The petitioner's final contention is that § 546.480 applies only where two or more sentences are imposed at the same term of the same court and is inapplicable here because the petitioner was convicted in different courts and at different terms. The petitioner concedes that "there are no Missouri cases squarely holding that section 546.480 applies only to two or more convictions at the same term of a single court", but places his reliance largely upon Ex parte Meyers, 44 Mo. 279, 281 (1869), which he recognizes was "thoroughly discredited" in State ex rel. Meininger v. Breuer, 304 Mo. 381, 264 S.W. 1, decided by the court en banc in 1924. He contends, however, that the Meininger decision did not disapprove the statement in the Meyers case that the statute, now § 546.480, applies only where a person is convicted of two or more offenses at the same term. Meyers was sentenced to a two-year term of imprisonment for grand larceny and at a subsequent term of court of the same court was convicted and sentenced on another indictment for grand larceny to a period of three years. The court held he could not again be put on trial for another offense until he had served the term of imprisonment previously imposed because the court had lost jurisdiction to do so. Section 546.480 applies only when the person has been convicted of two or more offenses before he is sentenced for either offense. It may be granted that the most frequent application of the statute will be where a defendant is convicted on several counts of an indictment or where he pleads guilty to several charges in the same court before he is sentenced on any of them (State v. Harris, 336 Mo. 737, 81 S.W.2d 319, 322); but the statute is not so limited. The statement relied on was not necessary to the Meyers decision. We doubt that it survived the Meininger attack, but if it did, it is now disapproved. See also State ex rel. Billings v. Rudolph, 322 Mo. 1163, 17 S.W.2d 932, 933.

In accordance with the general rule, statutes relating to punishment for a criminal offense will be construed in accordance with the legislative intention. 21 Am.Jur.2d Criminal Law § 579, p. 543. *709 The Meininger opinion treats the subject exhaustively and demonstrates that Meyers was out of harmony with then existing decisions which were not called to the attention of the court. It shows that the courts had the authority to impose cumulative sentences apart from the statute, and the purpose of the statute was to make uniform and mandatory a matter which judges sometimes overlooked or failed to make certain at the time of sentencing. See 20 St. Louis Law Review 370.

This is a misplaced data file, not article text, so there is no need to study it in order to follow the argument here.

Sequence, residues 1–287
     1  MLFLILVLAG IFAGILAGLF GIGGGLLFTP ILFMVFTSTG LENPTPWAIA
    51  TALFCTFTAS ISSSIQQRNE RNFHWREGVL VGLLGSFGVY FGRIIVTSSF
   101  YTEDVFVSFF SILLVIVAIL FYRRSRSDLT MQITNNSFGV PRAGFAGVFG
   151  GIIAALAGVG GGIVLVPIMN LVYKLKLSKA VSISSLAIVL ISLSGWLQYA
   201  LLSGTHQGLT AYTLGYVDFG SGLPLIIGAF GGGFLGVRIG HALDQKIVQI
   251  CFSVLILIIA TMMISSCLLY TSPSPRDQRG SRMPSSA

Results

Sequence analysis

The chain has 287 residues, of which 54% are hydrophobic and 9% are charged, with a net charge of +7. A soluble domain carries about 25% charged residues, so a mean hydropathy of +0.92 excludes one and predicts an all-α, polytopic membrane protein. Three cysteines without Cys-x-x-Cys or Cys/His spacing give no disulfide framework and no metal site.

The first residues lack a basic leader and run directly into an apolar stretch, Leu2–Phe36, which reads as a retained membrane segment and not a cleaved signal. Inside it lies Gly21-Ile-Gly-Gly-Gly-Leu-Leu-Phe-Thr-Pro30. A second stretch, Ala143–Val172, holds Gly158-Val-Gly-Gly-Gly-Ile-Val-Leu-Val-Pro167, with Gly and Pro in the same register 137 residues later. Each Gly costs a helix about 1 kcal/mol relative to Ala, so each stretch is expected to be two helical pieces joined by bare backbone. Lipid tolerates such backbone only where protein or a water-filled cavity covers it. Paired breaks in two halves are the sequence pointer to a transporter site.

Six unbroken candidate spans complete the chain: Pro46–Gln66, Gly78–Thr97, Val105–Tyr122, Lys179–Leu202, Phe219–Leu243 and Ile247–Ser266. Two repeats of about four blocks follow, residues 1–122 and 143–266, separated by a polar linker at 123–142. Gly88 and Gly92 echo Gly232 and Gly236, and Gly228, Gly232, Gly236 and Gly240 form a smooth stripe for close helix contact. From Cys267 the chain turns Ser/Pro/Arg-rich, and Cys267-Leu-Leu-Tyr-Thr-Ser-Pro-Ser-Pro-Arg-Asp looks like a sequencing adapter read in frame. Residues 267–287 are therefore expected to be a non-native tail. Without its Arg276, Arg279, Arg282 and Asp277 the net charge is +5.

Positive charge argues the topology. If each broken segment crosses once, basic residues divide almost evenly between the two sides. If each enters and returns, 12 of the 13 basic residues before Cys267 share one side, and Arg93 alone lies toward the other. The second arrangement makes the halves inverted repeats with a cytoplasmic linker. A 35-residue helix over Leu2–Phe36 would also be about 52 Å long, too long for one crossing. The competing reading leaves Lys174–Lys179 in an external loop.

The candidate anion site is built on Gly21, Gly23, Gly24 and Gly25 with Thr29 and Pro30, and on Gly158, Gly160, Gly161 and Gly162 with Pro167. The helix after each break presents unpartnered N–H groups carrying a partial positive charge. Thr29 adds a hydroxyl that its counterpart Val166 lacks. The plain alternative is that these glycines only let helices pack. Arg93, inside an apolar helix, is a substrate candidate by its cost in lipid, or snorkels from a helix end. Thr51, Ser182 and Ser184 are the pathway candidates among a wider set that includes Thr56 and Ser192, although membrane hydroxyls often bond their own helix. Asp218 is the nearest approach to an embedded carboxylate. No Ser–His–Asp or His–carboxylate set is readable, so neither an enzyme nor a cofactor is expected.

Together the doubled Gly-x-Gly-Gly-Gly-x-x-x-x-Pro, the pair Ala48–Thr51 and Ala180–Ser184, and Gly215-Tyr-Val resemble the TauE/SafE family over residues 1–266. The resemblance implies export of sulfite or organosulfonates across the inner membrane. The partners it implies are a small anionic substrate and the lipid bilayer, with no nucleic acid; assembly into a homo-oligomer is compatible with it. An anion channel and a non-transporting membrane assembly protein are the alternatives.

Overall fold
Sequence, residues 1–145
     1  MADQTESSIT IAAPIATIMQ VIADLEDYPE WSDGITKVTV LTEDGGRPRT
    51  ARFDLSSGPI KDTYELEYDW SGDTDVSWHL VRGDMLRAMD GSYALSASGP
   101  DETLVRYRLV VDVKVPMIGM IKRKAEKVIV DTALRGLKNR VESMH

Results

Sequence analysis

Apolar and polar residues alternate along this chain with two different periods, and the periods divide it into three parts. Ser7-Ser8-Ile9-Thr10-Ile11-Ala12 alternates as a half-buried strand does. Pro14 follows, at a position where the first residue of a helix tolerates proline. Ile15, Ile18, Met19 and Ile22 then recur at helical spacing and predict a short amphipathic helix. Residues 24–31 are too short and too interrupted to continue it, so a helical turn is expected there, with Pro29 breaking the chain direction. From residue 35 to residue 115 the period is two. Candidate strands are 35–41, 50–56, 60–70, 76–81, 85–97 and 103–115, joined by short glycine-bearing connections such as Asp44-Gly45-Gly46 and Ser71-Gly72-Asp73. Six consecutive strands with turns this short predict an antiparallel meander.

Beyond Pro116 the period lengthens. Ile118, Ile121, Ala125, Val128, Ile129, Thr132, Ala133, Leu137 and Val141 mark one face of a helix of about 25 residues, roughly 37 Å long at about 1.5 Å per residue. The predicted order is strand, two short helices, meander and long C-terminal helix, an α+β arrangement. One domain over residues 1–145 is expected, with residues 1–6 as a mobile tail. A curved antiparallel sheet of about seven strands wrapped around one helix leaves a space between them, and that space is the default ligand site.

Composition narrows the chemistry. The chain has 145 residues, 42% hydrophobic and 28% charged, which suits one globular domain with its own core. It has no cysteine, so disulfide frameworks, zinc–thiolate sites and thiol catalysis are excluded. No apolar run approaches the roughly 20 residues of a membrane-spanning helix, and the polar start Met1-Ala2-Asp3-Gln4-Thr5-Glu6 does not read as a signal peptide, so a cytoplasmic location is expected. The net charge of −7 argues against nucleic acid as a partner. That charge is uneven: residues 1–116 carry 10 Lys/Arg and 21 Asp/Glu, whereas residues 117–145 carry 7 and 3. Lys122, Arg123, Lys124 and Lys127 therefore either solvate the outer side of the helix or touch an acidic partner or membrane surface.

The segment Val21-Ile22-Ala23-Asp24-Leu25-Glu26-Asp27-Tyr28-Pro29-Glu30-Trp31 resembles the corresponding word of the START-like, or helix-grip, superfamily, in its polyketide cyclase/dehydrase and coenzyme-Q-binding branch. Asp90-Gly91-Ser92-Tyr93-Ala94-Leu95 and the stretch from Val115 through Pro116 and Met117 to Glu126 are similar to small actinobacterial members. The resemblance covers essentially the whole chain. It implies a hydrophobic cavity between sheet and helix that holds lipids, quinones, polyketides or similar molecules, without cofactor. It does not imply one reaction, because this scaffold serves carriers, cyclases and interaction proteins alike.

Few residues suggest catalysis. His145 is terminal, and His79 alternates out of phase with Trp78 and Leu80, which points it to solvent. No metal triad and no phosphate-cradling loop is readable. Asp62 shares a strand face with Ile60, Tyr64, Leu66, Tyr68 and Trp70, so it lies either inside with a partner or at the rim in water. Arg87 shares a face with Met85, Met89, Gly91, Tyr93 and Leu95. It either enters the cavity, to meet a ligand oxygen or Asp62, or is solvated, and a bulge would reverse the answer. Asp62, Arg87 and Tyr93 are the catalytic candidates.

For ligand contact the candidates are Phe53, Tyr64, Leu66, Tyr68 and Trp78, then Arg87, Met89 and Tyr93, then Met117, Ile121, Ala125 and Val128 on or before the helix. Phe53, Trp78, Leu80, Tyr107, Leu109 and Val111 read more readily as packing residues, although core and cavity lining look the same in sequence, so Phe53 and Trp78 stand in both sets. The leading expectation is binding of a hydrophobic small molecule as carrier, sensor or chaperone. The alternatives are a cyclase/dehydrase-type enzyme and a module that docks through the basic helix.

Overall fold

Section 546.480 does not expressly or by implication limit its application to sentences imposed at the same term of court. If there ever was any need for such limitation growing not out of the statute but out of the legal effect of the expiration of a term of court, such need does not now exist. S.Ct. Rule 31.03 provides: "The expiration of a term of court shall in no way affect the power of the court to do any act or take any proceeding which it is otherwise by law or by these Rules authorized to do or take in any case pending before the court." See also S.Ct. Rule 44.01(c), and § 506.060, subd. 3. The function of court terms in Missouri is now largely administrative in character. We cannot read into the statute an intention that its application shall be limited to sentences imposed at the same term of court.

"Jurisdiction to inflict cumulative punishments does not depend on whether the separate convictions were had before the same court but upon whether the convicted felon had in fact committed separate and distinct violations of law which merited separate, and therefore cumulative, punishments." 21 Am.Jur.2d Criminal Law § 548. See also 24B C.J.S. Criminal Law § 1994. Section 546.480 makes mandatory that which the courts had authority to do but sometimes omitted or left in doubt. The need of such legislative provision is even more appropriate where the sentences are imposed by different courts and the court imposing the later sentence may not know or be fully informed as to the previous sentence with the result that without the statute the later sentence might be construed as concurrent and in effect impose no punishment for the additional offense. The contention that § 546.480 does not apply to the sentence of five years for offering violence to a guard and to the four ear term for attempted escape is denied.

We have considered all of the petitioner's contentions and find them to be without merit. Accordingly the writ of habeas corpus is discharged and the petitioner is remanded to the custody of the respondent.

All concur except HOLMAN, C. J., and DONNELLY, J., not sitting.